Why I quit music (and why I’m going back)

It was a long time ago now that I bought a ukulele. I thought it was such a cool instrument, but I just couldn’t hack it. Despite being much smaller than a cumbersome guitar, it still felt too awkward to hold, let alone play. I couldn’t pluck properly, I had no guidance and it really, really hurt my fingers to use.

Then, we were thrown into a second lockdown in the UK, to deal with the COVID-19 pandemic. What better time than then to finally pick it up and start playing? I wrote pretty extensively about what I learned from 7 months of music, in July 2021. Playing the ukulele, using the app Yousician (now rebranded Ukulele’), and turning the process into a game by levelling up and witnessing clear progress, made the whole process so much fun. It was really gratifying to know that I was getting better and better at this new hobby each and every time I picked it up. While my housemates might not have liked it, I loved it.

Funny story: around a month after that post was shared, I quit. Here’s why I quit music, and why I’m finally going back to it:

Why I quit

It was never intentional – quitting music – but I can’t deny that it happened. I was playing pretty much every single day when I got in from work, after receiving a notification at around 6pm as a reminder to play for 10 minutes. I even followed points made by James Clear, who suggested that your positive habits – ones that you wish to keep up – should be visible. That meant leaving the uke next to the chair in my reading nook, so that I’d feel up to playing whenever I sat down.

It was so, so easy to do. So why give it up?

It happened around August, when I jetted off on holiday. Obviously, the uke was missing from that adventure, which meant no playing for a week. I was absolutely fine with this, since I wouldn’t have had time to play even if it had followed me (holidays are far too busy for that!), but it did mean a week of skipped notifications.


When we landed in London and drove home, I decided to focus on seeing friends and relatives, creating a blog backlog so that I wouldn’t fall behind once term began, and pretty much anything but the ukulele. By the time I’d remember to practise every night, it would be too late to play, since everyone else would already be in bed.

I’ll just practice tomorrow.

The trouble with habits? Tomorrow never comes. As September rolled around, my workload shot up, as it usually does when we begin a new term, and I was having to get used to coming home without feeling exhausted again. Once I’d got over the shock of having to work hard again, it was time to get back into the gym, and to continue learning Spanish. And to prepare healthy, filling meals. And to spend time with friends and family.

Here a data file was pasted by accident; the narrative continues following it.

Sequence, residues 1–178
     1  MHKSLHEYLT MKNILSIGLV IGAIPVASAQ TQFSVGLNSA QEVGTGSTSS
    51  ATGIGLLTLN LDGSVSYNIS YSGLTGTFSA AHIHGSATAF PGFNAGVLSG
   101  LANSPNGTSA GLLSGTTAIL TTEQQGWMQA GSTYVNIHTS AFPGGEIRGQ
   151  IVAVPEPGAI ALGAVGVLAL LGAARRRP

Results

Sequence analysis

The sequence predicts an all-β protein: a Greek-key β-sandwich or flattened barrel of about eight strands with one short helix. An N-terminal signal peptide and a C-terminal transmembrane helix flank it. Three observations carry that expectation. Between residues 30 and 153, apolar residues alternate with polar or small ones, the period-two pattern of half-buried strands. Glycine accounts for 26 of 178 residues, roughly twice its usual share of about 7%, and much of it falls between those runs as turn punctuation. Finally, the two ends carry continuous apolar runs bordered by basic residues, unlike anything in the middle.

My priorities had shifted, and learning the ukulele was no longer one of them.

Why I’m going back

Good habits are called good habits for a reason – they can help us to lead healthy, happier lives. That’s one of the reasons that I advocate for being so productive – to get through commitments quickly and devote a good amount of time to doing what I love.

Does that mean that I should feel guilty for not picking up one of my favourite, most beloved activities?

Absolutely not. Feeling guilty for not doing something, despite knowing that something had to give, would be such an unhealthy way to live. If it took 7 months for me to go back to music, then clearly there was something preventing me from playing for those 7 months. Was it a mental block? A lack of desire to play? Or was I simply too busy to play? It doesn’t really matter what the reason was. The fact is: my happiness didn’t dwindle over these 7 months. In fact, I was probably happier for the fact that I was willingly prioritising certain habits over others, and not beating myself up for choosing not to play.

With all that in mind…why am I going back to music?

  1. I view playing the ukulele – challenging my brain by learning a new skill – as a good habit. It’s sometimes tough but, ultimately, quite satisfying when you know that you’re doing well. And everything that I said in my original post still stands: I’d much rather spend 10 minutes learning to play an instrument than doom scrolling social media.
  2. Non-negotiables are so important, which I wrote about recently. If you enjoy doing something, then don’t let your other commitments – like a full-time job – get in the way of them.
  3. It’s fun (and do you need more reason than that?)

Goals and ambitions

Maybe one of the reasons that I let this habit slip was because I never made any goals to do with playing the ukulele. It’s kind of hard to, if you’re not at school and working your way up through each grade, or learning with a professional tutor. Maybe having a concrete goal will help to keep this habit going.

In the short term, I’d like to complete each goal as it comes on the app that I’m using to learn. It’s a simple goal that could be completed relatively quickly, but writing about it, and telling the world, might just do the trick and convince me that this is now something that needs doing.

In the long term? That’s tricky; I’ve never thought that far ahead when it comes to this. But if I had to choose something, it might be nice to be good enough to play in front of a crowd one day, whether that’s paid or not.

As for the mid term? My goal here is to play as often as I can, without getting dishevelled about missing a day, or ruining any kind of playing streaks – like the ones that I’ve built with Duolingo.

Do you play an instrument? What are your music-playing goals?

While you’re here, you might also like…

Completing the DofE at age 25

I ranked the best productivity memes so you don’t have to

How to take Cornell Notes (up your study game)

Why not follow my socials?






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